Amy Xiong

Although his event was titled “The Evolution and Future of the Green Movement,” Jason McLennan decided to begin his talk at the Yale School of Architecture last Thursday with a story about acid rain, clear-cutting and the tallest smokestack in Canada. It was the story of Sudbury, a city in Ontario and the backdrop of his childhood.

“It used to be the example in every environmental textbook of what not to do,” McLennan said in his talk. “They cut down all the trees for miles and miles around, and they ran these open pit fires 24/7, permanently stained all the rocks black, acidified the soils, killed off many, many lakes.”

McLennan, an architect known for his sustainable designs and currently working on a Yale Divinity School project, used Sudbury’s environmental degradation as a launching point for the rest of his presentation. The event, which drew about 25 attendees, lasted just under an hour.

Though Sudbury remained polluted throughout much of his youth, McLennan detailed how its citizens eventually rehabilitated the city. During the architect’s teenage years, Sudbury implemented a giant reforestation project, and its citizens, including McLennan, planted about eleven million trees in the area.

Before the project, McLennan saw firsthand society’s capacity to destroy the environment. But following the city’s rejuvenation, he witnessed a different type of behavior.

“I was also then able to see that with the right intention, with the right caring for place, we have the ability to be agents of healing, not just of degradation,” he said in his talk.  “That really affected my whole career and thinking.”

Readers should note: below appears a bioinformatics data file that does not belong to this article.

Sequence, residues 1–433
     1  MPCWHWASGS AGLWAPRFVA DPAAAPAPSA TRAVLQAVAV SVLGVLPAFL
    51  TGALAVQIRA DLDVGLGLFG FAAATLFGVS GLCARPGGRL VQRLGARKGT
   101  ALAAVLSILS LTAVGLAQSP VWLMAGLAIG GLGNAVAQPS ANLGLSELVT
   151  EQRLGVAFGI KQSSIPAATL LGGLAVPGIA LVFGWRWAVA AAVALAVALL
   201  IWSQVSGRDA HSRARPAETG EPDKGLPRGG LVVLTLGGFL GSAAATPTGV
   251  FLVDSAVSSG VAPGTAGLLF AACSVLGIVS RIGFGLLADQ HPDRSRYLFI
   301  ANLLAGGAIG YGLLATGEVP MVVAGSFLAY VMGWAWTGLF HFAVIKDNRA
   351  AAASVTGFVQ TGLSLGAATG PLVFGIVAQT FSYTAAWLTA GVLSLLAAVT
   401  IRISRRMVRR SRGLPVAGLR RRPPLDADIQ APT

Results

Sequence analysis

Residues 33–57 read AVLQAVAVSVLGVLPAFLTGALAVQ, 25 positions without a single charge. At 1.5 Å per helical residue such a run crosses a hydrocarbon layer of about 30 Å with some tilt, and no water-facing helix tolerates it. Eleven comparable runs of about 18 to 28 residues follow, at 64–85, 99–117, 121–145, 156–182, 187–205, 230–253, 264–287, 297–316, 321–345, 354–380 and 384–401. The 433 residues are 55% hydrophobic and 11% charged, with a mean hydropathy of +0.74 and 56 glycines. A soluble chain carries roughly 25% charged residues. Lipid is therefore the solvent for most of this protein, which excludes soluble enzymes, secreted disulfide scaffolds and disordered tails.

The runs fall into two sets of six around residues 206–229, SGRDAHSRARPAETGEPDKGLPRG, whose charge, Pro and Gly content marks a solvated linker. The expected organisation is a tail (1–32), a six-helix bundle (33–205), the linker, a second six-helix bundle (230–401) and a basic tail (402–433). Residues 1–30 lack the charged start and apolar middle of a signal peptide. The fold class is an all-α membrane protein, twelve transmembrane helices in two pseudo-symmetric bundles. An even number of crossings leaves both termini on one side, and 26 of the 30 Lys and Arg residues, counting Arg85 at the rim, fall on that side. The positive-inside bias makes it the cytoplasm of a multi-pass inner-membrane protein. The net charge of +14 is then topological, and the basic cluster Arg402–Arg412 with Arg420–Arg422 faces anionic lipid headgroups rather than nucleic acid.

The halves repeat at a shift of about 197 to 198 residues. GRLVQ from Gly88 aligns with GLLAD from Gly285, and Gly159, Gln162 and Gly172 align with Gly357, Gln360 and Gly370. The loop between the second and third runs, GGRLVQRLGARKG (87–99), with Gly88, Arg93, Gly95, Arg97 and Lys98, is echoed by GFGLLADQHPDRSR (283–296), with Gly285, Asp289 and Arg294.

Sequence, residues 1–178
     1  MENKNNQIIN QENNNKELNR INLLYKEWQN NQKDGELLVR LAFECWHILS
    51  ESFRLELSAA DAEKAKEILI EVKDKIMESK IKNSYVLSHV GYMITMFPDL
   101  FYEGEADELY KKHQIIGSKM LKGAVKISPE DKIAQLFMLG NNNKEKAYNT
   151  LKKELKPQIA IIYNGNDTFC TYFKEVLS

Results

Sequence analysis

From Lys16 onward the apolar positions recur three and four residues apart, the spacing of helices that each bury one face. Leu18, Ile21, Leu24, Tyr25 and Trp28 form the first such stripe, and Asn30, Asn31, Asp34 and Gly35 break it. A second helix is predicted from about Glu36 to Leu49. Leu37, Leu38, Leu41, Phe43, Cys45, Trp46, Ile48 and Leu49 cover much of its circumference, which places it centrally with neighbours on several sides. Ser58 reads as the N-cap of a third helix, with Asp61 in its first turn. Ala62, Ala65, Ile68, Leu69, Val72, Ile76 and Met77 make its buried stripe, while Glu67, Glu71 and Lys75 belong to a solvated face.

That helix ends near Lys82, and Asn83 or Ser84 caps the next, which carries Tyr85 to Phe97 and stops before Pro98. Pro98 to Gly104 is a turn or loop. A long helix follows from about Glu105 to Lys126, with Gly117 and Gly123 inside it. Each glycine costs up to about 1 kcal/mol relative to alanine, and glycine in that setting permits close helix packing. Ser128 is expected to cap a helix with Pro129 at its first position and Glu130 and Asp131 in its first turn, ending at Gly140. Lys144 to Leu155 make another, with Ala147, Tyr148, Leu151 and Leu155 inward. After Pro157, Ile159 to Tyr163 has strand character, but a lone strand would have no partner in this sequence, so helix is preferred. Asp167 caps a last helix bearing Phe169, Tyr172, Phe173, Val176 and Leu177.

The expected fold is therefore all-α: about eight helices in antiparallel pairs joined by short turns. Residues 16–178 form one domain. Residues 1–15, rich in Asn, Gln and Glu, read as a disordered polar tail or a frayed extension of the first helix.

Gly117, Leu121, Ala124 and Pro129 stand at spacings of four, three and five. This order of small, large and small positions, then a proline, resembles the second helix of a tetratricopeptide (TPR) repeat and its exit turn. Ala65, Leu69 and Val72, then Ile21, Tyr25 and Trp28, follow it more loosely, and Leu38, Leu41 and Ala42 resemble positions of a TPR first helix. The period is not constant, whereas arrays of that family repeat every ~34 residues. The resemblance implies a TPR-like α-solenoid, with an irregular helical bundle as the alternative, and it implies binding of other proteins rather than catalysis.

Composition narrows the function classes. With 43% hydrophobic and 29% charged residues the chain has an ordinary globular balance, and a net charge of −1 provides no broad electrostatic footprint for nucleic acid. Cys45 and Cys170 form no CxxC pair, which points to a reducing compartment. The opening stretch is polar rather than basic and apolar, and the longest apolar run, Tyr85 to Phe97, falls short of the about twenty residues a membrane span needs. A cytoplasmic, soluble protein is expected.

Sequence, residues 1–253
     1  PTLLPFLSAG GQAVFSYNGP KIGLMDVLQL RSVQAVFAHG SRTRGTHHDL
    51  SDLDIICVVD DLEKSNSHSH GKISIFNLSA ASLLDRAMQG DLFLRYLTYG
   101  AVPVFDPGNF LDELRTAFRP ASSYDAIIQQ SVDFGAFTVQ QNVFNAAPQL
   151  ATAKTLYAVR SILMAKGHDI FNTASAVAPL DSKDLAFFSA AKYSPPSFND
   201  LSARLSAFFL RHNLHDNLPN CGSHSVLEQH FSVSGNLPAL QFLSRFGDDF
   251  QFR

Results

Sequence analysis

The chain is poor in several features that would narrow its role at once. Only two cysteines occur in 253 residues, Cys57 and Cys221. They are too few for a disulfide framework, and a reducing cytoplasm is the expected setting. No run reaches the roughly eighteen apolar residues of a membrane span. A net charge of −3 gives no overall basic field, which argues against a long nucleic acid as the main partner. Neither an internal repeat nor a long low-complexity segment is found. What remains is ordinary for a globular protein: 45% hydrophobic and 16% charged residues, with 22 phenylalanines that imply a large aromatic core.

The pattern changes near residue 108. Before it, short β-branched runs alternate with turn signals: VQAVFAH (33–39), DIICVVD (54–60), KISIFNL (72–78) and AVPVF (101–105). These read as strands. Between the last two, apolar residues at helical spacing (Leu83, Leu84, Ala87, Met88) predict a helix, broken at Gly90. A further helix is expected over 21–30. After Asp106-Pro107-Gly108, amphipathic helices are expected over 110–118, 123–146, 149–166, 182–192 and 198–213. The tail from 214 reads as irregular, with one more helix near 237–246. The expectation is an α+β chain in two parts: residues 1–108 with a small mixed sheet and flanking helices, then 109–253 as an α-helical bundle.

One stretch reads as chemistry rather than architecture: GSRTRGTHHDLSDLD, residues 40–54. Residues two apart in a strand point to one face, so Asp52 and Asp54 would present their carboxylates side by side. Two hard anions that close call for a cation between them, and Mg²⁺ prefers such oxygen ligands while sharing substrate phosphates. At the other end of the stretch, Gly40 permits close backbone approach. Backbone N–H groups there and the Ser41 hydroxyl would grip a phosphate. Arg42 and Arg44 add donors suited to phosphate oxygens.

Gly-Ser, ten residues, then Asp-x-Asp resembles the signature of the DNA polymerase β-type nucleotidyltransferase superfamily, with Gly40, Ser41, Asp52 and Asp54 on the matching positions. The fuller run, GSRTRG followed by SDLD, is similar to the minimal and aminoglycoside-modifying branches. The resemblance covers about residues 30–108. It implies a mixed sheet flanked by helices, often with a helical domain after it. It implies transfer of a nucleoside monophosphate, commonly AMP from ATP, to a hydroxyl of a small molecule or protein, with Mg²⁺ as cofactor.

The rest of the talk focused on McLennan’s career and his ideas about sustainable design. In 2006, McLennan founded and formerly ran the International Living Future Institute to advocate further for green buildings.

“I was convinced that the industry really needed a kick in the pants,” McLennan said. “We were being too complacent and too proud of ourselves for the plaques on our walls, rather than the impact of our actual design decisions.”

The Living Building Challenge is a hallmark of McLennan’s work with the institute. Based off the same ecological healing principles McLennan saw in Sudbury, the challenge encourages architects to design structures that function similarly to flowers and trees. Buildings that complete the challenge are powered solely by solar energy, harvest and clean rain water for the building’s plumbing and release no emissions, among other criteria.

If a design meets all of the challenge’s checkpoints, the institute will designate it a living building.

“You don’t get to pick and choose between these issues,” McLennan explained. “Living building isn’t about chasing points. It’s about doing all these things.”

Since leaving the Institute in 2015, McLennan has formed an architecture firm, McLennan Designs, where he creates his own living buildings. His upcoming work with the Yale Divinity School, a dorm that he said was estimated to cost 100 million dollars, aims to attain the Living Building Certification.

“Hopefully, [the project] becomes a model for all the people that then go through the program,” McLennan told the News. “They remember they lived in a living building, or they taught there and that they should bring that thinking to any of the communities they work in.”

Members of the Yale Architecture community who attended the event were quick to laud McLennan’s ideas. Yale School of Architecture Dean Deborah Berke, who introduced the talk, told the News that McLennan served as a good example of how to implement sustainable architecture.

“Jason McLennan is a true leader in the area of green design ideas and methodologies,” Berke told the News. “His Living Building Challenge has contributed to new ways of thinking for architects and their clients, showing how we can best and most responsibly design and build.”

Misha Semenov FES ’19 ARC ’19 said that he found the event inspiring. He admired how McLennan introduced his childhood experiences as the framework for his work in sustainable design.

“I’ve long admired Jason for the work he’s done,” Semenov said. “I’ve heard a lot about that vision, but it was incredible to see how it meshes with his own life story.”

McLennan’s Divinity School project is expected to be completed by 2025.

Allen Siegler | allen.siegler@yale.edu .